ON VEGETABLE FARMERS + ABUNDANCE

 
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November, in its kindness — how we have waited. There's something about the calm and unassuming nature of November, or maybe it's the prelude to a season of grandiosity and sweet treats, but more likely it's the quietness of the vibrant leaves falling and the snow not quite arrived. Whatever the case, November is handedly our favorite month. Years ago our copy of A Sand County Almanac arrived in the mail with a bookmark depicting a red fox with the words "November is kind" beneath him, like some kind of epitaph. A curious little treasure; a most agreeable epitaph.

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This month has been particularly bountiful, food-wise. We intend and hope to always have bountiful and healthful food in our larder. Still, the future is unpredictable and we want to pause with gratitude for this year, should there come a time when food like this is sparse. Since returning to Ohio we've had the pleasure of lending our hands on an organic produce + flower farm. The commute is unreasonable at two hours, but the pleasure of working alongside Kristy + Aaron and their crew is wholly worth it; a kind of haven. It's a place that expects much and gives more in return. Days on their farm are suffused with joking and great conversation and reciprocal respect — qualities that seem surprisingly rare on farms (and workplaces in general)! Vegetable farming is back breaking work, and although we do not want to be vegetable farmers ourselves, we are hugely grateful for people like Kristy and Aaron who devote their lives to the pursuit of the Tender Carrot, of the Ripe Tomato, of paving a different (healthier, tastier) road for food consumption and land stewardship.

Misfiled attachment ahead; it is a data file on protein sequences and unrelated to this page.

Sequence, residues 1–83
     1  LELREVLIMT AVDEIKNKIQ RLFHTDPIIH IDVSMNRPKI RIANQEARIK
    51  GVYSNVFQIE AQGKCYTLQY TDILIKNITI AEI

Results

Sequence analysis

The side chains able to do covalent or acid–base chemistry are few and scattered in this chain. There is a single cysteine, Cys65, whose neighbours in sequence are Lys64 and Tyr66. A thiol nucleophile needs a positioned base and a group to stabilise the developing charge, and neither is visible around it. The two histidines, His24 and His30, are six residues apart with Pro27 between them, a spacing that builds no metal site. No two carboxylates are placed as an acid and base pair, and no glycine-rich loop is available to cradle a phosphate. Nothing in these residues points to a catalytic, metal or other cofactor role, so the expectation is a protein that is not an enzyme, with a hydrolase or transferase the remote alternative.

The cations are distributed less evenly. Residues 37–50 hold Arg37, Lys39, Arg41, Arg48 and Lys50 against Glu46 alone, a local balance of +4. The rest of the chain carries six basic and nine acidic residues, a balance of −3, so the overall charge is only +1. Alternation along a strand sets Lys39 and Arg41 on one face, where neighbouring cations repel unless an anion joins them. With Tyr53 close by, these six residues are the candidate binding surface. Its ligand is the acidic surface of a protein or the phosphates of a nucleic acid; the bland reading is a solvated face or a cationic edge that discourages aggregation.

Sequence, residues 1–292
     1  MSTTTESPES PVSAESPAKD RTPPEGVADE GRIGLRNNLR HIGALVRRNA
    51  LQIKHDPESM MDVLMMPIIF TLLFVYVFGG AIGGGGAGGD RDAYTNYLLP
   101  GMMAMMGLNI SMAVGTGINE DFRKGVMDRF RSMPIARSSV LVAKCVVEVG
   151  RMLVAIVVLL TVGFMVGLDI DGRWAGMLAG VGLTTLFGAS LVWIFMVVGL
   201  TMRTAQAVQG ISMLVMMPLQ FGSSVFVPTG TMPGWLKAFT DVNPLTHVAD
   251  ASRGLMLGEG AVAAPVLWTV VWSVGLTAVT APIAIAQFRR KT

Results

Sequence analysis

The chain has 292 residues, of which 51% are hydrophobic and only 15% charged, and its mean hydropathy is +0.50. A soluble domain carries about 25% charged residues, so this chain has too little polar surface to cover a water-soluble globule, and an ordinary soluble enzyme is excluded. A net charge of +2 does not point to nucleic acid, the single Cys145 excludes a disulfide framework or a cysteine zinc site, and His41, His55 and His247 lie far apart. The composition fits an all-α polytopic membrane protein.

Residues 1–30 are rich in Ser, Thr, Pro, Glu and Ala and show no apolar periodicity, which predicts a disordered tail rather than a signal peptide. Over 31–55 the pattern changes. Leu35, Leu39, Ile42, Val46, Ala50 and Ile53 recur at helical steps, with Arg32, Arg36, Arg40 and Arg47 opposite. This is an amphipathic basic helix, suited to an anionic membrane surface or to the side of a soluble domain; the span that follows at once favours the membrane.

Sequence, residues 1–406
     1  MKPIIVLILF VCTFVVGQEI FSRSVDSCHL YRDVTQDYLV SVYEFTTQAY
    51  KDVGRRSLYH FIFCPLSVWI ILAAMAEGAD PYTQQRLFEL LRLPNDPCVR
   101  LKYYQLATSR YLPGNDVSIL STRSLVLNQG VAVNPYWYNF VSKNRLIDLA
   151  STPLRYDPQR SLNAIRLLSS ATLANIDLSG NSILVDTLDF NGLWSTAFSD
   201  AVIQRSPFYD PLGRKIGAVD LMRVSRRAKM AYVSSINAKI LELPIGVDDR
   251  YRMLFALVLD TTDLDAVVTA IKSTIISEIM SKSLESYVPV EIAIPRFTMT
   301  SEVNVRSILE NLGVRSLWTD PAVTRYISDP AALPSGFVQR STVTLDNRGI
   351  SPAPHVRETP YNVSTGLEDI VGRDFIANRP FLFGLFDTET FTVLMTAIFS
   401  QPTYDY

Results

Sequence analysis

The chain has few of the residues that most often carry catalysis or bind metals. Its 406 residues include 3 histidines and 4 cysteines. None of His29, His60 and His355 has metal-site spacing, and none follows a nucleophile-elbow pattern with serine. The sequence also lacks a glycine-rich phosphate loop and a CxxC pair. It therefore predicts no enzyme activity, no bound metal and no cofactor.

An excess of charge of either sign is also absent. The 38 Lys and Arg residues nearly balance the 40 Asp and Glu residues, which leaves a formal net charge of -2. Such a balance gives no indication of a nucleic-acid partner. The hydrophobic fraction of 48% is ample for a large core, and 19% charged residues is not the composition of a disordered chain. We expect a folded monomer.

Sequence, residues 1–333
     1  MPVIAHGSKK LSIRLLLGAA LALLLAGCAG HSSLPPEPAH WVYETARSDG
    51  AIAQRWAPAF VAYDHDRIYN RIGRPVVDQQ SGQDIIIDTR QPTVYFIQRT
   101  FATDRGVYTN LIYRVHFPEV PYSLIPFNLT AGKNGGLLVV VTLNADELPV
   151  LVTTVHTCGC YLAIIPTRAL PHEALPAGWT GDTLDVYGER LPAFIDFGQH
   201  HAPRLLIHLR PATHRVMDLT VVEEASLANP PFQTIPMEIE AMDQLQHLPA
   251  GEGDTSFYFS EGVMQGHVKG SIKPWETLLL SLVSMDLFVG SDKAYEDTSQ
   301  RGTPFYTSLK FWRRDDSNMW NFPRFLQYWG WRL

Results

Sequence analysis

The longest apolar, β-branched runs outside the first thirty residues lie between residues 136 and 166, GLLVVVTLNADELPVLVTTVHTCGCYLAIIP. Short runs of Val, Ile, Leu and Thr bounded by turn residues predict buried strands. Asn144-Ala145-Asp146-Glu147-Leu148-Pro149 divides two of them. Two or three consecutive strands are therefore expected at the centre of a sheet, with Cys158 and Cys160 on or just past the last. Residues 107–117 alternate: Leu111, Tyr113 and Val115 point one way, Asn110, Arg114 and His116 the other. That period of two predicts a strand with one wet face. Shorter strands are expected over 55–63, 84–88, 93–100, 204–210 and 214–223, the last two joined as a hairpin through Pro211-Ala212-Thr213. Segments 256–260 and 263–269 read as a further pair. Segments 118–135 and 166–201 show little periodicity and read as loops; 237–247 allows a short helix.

For the black beans, the garlic, the onions, the cabbage and the tomatoes; for this season of kindness and abundance; and for the farmers who work every day to put food on our tables: thank you! 
(And if you never have, you really must try a good carrot.)

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—M&S